Joining a number of celebrities who have questioned the allegations of more than 50 women who say Bill Cosby sexually assaulted them in the past, comedian Eddie Griffin called the fallout a “systematic effort to destroy every Black male entertainer’s image.”
“They want us all to have an asterisk by our name,” Griffin said in a video interview with hip-hop website VladTV. “Nobody leaves this business clean.”
Griffin, who stood firm by his theory that African-American men in the industry often face conspiracies meant to tarnish their careers, pointed to Kobe Bryant’s 2003 rape allegations and Michael Jackson’s child molestation trial as examples of this systemic effort. Griffin even went so far as to dismantle the drugging aspect of the allegations, saying Quaaludes were used to help people level out after cocaine use in the 1970s, when most of the sexual assaults were said to take place.
“First off you have to remember this was in the ’70s. I’m old enough to remember the ’70s. The ’70s is a different time,” Griffin said.
But in a 2005 deposition, Cosby did admit to giving Quaaludes to women he intended to have sex with.
“Did he rape these b**ches?” Griffin says, referring to the victims. “All of them said the same thing. ‘We went to the room.’ Why would you go to the room of a known married man? Number one?”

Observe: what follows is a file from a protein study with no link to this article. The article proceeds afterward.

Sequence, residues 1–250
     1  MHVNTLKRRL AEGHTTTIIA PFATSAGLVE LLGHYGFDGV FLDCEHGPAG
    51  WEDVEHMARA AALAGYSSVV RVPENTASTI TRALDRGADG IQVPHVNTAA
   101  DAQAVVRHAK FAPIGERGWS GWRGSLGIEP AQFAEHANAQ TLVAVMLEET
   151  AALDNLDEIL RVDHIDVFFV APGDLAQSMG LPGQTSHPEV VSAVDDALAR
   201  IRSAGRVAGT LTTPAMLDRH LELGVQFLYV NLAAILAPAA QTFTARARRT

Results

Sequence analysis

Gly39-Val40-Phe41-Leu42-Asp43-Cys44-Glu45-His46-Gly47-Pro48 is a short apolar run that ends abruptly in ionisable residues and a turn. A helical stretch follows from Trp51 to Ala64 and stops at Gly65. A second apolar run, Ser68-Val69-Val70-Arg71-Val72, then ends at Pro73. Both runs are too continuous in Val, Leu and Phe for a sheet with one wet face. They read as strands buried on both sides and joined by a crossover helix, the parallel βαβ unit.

The interviewer then chimes in: “They’re down to f*ck anyways. Why would you go to a hotel room of a known married man? It’s not a secret that he’s married.”
Griffin then referenced Roman Polanski, the director previously married to the late Sharon Tate, who fled to Europe after he was convicted of unlawful sex with a minor in the ’70s. Polanski is still working.
“[Cosby] has single-handedly sent a bunch of brothers and sisters to college. Even if he didn’t pay for it himself, he gave them the idea that it was possible. And then some p***y is supposed to tear that down.”
Cosby, who has largely remained mum about the allegations, tweeted a message of thanks to his friends and fans a day after he was arrested on charges of aggravated indecent assault. The 78-year-old, whose lawyer maintains he is innocent, was arraigned on charges stemming from a 2004 incident involving former Temple University employee Andrea Constand.
The comedian is expected back in court for a hearing Jan. 14 and could face 10 years in prison if convicted.